Bursts of giggles and scoffs of disbelief echo off the walls of the classroom. Pieces of slightly deformed, multicolored plastic are strewn across the black lab tables.
Mr. Pearson walks through the aisles commenting on the students’ projects. “How is your plastic box going?” he questions, approaching the desk of juniors Alice Young and Addison Williams.
“It was supposed to have doors, and it was supposed to be so cool,” Young sighed, staring down at her protein transport.
“That’s fine. If it’s a failure, that’s okay,” Mr. Pearson replied.
Young looked up in disbelief, “But what about extra credit?”
For science department head Tyler Pearson’s AP Biology students, it was their first time getting their hands on 3D printing technology. The classes designed models of transport proteins, helping them better picture how they move through the membrane of a cell.
“In the cell membrane, there is protein, but all we ever see are flat cut-outs in books,” Pearson said.
The students used an online software to design their model, and with the help of the library staff, they eventually brought their creations to life.
“There was an online program to create our design, and it was fairly easy to use,” Young said.
However, the design aspect wasn’t the greatest challenge this project posed for most students. Upon receiving their designs, many students spent time poking out extra pieces of melted plastic in order to perfect their creations.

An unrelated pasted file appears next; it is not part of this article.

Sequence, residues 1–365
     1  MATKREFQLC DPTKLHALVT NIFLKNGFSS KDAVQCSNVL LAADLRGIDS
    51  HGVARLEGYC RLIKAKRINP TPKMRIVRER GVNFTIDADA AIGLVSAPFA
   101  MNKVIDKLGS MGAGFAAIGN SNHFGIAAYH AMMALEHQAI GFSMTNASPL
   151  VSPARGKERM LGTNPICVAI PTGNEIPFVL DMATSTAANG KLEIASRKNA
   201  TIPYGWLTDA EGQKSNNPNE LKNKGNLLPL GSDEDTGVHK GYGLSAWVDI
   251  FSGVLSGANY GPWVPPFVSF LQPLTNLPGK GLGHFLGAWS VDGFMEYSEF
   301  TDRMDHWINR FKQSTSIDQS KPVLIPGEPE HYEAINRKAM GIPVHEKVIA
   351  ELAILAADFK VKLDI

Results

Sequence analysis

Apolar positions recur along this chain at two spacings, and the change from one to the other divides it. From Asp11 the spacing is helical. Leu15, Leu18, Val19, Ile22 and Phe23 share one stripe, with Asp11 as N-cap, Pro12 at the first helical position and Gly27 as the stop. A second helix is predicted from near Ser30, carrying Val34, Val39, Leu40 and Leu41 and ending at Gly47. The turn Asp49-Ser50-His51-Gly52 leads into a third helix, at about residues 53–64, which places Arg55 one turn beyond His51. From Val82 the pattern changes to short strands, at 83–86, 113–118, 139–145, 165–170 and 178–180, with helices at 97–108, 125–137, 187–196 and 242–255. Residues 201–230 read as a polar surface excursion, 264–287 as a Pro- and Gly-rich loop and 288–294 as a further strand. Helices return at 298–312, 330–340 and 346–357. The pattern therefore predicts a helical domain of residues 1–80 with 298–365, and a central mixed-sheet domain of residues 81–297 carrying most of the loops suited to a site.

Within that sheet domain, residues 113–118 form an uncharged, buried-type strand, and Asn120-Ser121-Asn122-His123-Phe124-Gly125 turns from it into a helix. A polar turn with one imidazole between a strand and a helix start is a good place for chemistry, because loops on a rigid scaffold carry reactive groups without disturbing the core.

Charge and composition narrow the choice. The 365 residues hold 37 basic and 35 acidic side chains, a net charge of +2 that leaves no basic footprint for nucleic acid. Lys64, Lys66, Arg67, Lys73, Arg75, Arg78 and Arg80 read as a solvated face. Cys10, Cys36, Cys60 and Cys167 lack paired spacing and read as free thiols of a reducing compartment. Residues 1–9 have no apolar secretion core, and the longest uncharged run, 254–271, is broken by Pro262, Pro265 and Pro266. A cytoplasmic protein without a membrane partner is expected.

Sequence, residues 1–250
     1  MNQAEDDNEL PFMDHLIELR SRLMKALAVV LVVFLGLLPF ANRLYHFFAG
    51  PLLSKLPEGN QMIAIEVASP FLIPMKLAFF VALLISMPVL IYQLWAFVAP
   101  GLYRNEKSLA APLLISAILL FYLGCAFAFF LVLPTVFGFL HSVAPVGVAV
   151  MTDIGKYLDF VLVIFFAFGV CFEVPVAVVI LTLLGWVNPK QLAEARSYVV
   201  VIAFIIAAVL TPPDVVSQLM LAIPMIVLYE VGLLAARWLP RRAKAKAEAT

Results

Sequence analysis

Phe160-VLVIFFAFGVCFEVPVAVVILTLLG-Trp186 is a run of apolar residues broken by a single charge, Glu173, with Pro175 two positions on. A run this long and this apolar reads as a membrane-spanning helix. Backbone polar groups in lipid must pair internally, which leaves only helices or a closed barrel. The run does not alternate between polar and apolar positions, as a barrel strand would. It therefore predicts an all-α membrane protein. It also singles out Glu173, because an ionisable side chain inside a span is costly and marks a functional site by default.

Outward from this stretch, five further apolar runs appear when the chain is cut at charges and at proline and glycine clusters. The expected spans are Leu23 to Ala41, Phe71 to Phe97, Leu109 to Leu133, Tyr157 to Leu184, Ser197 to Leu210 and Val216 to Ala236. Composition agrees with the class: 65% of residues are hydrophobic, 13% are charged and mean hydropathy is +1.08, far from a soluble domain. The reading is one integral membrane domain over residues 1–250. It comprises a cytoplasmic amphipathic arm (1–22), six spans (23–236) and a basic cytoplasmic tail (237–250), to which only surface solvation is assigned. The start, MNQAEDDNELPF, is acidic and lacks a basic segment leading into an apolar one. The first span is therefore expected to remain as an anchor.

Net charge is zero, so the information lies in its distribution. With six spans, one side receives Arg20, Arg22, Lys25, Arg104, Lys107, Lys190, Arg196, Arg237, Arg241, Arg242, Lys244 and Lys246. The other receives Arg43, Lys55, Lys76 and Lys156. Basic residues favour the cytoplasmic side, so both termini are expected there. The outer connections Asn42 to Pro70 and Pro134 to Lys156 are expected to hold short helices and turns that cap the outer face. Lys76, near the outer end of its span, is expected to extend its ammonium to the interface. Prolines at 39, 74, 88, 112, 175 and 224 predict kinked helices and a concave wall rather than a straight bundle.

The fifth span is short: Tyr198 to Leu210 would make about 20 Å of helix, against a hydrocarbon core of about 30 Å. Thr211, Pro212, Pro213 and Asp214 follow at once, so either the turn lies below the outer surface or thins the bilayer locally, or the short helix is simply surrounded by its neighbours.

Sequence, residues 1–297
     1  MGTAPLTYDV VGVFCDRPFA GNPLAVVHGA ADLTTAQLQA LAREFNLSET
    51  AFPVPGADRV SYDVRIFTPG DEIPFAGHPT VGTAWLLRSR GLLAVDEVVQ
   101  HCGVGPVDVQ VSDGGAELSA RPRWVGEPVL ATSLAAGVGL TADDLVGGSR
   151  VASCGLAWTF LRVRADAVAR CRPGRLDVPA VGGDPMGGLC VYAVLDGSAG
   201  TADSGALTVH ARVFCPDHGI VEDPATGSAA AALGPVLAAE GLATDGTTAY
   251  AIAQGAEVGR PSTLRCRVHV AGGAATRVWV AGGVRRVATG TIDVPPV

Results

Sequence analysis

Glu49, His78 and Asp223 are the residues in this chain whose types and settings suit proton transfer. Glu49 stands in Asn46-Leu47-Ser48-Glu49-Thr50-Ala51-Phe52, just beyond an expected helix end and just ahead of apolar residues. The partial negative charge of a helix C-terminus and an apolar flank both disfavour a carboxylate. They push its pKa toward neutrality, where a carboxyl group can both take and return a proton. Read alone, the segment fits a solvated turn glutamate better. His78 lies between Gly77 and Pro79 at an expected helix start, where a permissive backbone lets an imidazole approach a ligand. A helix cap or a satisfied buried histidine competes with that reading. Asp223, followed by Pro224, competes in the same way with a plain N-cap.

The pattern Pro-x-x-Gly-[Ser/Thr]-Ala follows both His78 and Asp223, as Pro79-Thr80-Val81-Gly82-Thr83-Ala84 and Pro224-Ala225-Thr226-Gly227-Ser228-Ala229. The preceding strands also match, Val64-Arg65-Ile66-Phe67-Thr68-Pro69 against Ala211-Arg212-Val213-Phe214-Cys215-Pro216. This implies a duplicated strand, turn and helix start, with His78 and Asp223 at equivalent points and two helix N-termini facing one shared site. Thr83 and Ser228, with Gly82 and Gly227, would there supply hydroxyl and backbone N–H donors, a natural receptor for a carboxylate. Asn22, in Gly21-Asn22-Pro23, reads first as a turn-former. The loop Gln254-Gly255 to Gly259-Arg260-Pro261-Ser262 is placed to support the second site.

“Our design is really cool, except we had to poke a lot of holes in it. I am violently poking plastic,” Young said.
Nevertheless, their project was anything but a failure, serving as an enriching learning tool for all students.
“This was so cool because it felt so practical. I could apply it to what I already learned. This is definitely the coolest project I’ve ever done in a class,” Young said.
Other students echo Young’s statements and believe the advanced technology enhanced their learning experience.
“The 3D printers allow us to make our labs more interactive. We are able to get hands-on experience using our own models,” sophomore Chaitra Pirisingula said.
With more printing underway, the library staff hopes to be involved with more classes and independent projects.
“This is how we envision incorporating Makerspace into our library. 3D printers have applications across a wide variety of fields,” librarian Noelle Weigel said.
Other classes and students are getting involved, including Judith Glesne’s Clothing and Textiles class, who plans to design buttons using the technology this spring.
Printing is not exclusive to just class projects. For students looking to create an independent project involving the 3D printer, the process is fairly simple.
“3D printers have relevance to everyone’s futures,” Weigel said.
And who knows? Maybe you’ll be the first to print something absolutely mindblowing, after a few failures of course.